After a widespread publicity campaign leading up to the ban, Makati city environment protection officers began handing out fines of 5,000 pesos ($115) to shops and supermarkets caught distributing the items.
Consumers are given the option of paper alternatives or not using any bags, with supermarkets encouraging shoppers to bring their own.
Although Makati’s official population is just over 600,000, this swells to 3.7 million during office hours when commuters travel to the area.
Makati is now the ninth out of the 17 Manila districts to issue a plastics ban; effectively 6.7 million of Metro Manila’s total population of 13 million people are covered by the restrictions.
A spokesman for Makati’s environmental services department, said cutting down on plastic was vital to stop the clogging of the city’s waterways, which is widely blamed for contributing to floods.
“During our bi-monthly wastewater clean-ups, we found most of the garbage is plastics,” she said.
In Quezon City two environment protection ordinances were enacted in April 2012. The ordinances: SP-2140 (the Plastic Bag Reduction Ordinance) regulates the use of plastic bags imposing environmental fee for its use, while SP-2103 mandates all businesses that use plastic bags to display in their stores a notice to encourages their customers to protect the environment by bringing their own recyclable/reusable bags.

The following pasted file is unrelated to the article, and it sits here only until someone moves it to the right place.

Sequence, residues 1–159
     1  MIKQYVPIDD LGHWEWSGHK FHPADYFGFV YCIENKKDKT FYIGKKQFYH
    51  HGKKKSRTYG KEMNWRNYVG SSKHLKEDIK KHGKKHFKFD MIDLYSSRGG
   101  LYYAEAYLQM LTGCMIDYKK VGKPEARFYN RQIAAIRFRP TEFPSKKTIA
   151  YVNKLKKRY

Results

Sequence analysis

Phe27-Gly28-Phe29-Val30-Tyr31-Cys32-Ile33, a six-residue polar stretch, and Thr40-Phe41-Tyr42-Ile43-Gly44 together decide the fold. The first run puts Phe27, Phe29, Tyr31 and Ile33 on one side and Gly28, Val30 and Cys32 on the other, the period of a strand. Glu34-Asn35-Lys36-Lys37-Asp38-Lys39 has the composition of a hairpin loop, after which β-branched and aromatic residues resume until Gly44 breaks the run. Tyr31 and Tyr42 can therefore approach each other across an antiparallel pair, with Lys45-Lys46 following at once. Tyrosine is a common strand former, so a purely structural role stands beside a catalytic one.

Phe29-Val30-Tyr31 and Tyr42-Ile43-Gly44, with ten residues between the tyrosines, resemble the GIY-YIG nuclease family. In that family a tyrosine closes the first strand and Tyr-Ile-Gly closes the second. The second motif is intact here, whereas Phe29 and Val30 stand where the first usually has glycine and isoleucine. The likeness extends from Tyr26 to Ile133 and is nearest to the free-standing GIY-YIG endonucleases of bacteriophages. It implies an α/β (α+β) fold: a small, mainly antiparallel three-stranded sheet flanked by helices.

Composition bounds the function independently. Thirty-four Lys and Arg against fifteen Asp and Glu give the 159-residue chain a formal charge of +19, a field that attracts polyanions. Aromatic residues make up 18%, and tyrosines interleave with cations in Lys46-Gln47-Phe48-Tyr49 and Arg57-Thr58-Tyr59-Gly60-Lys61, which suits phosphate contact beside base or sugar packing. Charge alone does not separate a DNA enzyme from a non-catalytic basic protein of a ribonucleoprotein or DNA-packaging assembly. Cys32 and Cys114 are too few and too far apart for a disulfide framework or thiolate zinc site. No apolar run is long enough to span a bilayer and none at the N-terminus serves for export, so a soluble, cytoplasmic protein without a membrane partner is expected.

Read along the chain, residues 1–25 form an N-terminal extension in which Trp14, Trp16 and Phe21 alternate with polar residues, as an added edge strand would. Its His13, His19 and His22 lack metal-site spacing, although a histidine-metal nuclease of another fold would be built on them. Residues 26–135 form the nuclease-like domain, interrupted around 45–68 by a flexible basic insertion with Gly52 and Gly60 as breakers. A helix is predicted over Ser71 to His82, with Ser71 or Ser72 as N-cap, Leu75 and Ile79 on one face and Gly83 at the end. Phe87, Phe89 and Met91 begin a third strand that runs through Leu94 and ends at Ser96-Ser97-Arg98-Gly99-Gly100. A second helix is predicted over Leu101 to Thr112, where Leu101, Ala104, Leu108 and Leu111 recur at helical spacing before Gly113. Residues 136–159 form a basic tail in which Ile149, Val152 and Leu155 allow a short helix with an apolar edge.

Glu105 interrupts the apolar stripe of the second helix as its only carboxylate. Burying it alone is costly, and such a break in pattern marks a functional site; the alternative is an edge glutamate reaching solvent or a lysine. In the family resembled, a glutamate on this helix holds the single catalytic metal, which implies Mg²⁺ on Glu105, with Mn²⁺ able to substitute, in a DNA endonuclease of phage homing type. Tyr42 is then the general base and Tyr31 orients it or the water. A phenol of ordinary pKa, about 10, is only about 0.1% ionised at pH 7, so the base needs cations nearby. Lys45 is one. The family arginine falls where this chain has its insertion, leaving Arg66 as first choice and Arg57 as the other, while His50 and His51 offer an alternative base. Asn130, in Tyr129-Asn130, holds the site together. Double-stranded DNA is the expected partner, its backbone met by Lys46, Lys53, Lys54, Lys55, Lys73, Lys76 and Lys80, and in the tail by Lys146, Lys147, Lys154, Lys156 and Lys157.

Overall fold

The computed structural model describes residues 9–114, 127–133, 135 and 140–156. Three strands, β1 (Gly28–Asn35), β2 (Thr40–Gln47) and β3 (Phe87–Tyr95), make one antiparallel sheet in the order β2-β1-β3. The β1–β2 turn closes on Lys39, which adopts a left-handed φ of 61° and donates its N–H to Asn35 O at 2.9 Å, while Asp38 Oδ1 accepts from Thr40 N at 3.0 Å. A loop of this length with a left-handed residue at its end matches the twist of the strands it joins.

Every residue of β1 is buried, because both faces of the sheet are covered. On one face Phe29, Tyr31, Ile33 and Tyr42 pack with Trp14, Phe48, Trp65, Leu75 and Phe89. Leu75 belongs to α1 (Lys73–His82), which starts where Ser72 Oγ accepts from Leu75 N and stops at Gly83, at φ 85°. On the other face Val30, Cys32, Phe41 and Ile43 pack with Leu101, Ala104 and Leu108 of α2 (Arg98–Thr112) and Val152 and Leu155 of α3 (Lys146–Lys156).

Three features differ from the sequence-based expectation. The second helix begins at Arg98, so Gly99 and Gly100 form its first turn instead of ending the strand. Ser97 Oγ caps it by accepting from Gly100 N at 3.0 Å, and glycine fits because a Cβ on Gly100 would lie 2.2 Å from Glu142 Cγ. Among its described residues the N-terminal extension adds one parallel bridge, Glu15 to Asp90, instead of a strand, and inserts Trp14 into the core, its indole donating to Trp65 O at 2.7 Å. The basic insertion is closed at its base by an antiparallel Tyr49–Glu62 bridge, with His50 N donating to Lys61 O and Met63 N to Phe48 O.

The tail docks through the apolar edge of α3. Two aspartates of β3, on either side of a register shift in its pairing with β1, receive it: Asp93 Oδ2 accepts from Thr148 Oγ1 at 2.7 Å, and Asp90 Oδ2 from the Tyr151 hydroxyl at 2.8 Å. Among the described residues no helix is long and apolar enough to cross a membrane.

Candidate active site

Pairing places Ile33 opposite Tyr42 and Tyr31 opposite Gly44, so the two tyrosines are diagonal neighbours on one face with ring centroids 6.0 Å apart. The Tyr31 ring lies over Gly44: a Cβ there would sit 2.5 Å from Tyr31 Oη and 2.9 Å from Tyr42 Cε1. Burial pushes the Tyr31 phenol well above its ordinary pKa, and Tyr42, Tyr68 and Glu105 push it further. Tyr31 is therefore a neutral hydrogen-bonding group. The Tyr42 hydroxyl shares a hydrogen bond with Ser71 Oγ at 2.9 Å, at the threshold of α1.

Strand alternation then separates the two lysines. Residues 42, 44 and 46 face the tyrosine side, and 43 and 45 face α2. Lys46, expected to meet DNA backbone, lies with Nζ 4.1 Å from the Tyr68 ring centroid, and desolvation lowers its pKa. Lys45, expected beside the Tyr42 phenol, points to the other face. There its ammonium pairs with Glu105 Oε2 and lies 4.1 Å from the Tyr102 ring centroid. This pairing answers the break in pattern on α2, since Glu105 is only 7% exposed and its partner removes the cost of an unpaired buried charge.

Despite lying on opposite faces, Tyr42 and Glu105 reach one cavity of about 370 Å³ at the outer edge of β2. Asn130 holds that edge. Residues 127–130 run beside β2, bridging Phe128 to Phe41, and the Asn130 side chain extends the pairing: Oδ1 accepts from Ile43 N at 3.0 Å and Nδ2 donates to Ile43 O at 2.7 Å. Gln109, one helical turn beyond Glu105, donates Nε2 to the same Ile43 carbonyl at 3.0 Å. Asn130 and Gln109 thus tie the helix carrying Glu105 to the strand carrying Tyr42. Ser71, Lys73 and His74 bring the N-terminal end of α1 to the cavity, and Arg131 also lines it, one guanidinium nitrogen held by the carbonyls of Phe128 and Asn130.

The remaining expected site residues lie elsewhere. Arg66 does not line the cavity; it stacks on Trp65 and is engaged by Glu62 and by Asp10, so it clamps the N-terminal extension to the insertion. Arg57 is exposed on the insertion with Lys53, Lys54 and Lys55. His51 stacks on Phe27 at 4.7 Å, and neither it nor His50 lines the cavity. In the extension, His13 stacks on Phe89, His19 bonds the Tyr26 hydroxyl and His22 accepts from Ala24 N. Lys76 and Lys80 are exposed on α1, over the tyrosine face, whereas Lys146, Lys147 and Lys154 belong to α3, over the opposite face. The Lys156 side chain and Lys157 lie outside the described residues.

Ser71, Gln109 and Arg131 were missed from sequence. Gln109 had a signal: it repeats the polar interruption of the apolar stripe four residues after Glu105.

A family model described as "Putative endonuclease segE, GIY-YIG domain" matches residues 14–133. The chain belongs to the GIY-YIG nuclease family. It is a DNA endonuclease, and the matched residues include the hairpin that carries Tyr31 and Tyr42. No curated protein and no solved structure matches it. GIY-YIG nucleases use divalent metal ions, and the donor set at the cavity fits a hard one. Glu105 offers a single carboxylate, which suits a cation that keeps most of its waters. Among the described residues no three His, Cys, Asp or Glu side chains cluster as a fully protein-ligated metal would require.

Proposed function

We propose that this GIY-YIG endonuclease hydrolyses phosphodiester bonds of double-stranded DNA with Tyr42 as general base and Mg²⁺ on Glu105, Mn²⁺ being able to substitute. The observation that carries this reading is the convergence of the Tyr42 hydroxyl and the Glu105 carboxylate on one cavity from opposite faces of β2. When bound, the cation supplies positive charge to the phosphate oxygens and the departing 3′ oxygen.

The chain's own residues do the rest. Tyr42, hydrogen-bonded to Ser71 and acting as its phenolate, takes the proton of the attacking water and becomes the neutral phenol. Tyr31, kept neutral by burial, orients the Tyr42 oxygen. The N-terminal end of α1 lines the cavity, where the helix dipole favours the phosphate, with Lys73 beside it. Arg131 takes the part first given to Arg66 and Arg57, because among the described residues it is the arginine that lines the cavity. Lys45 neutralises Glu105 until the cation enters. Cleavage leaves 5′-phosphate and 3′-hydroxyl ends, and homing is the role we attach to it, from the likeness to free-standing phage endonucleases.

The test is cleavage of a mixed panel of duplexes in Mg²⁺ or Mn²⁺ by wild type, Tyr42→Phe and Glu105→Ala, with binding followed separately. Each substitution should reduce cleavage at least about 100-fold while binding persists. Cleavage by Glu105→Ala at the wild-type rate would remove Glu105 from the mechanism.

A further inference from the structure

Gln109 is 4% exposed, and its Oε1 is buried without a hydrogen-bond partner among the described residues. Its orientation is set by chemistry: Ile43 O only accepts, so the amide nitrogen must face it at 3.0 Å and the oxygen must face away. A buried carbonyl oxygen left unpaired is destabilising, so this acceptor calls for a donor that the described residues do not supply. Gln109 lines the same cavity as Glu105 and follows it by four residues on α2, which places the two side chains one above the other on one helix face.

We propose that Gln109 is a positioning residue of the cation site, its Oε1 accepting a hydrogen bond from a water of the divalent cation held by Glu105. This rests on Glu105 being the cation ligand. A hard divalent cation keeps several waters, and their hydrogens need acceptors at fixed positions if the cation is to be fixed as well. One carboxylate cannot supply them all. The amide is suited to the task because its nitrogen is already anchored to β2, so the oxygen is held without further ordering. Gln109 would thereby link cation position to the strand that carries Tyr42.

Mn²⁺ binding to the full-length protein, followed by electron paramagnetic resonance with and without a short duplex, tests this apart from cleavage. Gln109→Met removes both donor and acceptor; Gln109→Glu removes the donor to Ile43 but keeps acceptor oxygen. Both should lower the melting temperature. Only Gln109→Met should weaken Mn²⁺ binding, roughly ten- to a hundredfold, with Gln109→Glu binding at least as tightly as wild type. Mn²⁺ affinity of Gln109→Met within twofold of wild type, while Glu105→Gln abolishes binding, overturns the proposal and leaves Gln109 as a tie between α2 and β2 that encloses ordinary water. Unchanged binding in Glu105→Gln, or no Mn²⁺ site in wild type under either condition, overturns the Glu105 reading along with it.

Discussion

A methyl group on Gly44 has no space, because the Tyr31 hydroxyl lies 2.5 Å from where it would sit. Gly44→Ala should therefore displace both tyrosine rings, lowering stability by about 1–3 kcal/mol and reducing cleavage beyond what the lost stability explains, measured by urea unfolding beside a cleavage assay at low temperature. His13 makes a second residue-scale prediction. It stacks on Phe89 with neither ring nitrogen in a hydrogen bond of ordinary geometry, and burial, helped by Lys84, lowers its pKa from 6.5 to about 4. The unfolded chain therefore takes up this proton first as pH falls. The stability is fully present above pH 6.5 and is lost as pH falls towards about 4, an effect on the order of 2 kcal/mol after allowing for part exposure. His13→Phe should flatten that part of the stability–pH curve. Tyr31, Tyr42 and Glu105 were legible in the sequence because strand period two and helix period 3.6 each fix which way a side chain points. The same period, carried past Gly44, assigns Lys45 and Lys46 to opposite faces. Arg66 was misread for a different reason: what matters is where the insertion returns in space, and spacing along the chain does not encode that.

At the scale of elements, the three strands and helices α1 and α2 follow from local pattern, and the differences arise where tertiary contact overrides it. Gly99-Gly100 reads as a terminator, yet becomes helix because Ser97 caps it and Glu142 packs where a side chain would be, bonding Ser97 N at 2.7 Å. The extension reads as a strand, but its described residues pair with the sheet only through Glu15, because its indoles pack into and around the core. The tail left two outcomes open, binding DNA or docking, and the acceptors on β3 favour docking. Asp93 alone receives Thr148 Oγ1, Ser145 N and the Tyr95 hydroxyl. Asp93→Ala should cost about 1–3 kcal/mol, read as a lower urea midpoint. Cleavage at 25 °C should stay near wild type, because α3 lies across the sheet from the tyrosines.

Currently an estimated volume of 719cu.m (equivalent to 45 ten-wheeler trucks) of plastic bags enter the Quezon City waste stream every day. City officials said, “The single-plastic bags and their typical indiscriminate disposal by the public create significant litter problems that clog up canals and sewerage systems that cause floods”.
The Plastic Bag Reduction Ordinance will enforce a Plastic Recovery System Fee that charges and collect a fixed amount of two pesos (P2.00) per plastic bag used regardless of its size. The collected fee will be part of Green fund that is intended to fund various initiatives for the benefit of the environment.
Reusable Bag users will be given incentives in a credit scheme, giving points that can later on be used for purchases, and supermarkets will have a Green Lane, a special counter for customers that bring their own reusable bags.
Industry Hits Back
In the face of this legislation the Philippine plastic industry is not taking it lying down – a coalition of industry groups, including the Federation of Philippine Industry, the Chamber of Commerce and Industry, Association of Supermarkets, Association of Petrochemical Manufacturers , Employers Confederation, Plastics Recycling Industries Council, Packaging Institute of the Philippines, Exporters Confederation, Pollution Control Association and the Polystyrene Packaging Council have taken advertisements in the media demanding the strict enforcement of the National Law; Ecological Solid Waste Management Act (RA 9003), which considers ‘waste as a resource that can be recovered’ and sets out obligations for municipal authorities to effectively collect, separate and dispose of solid waste.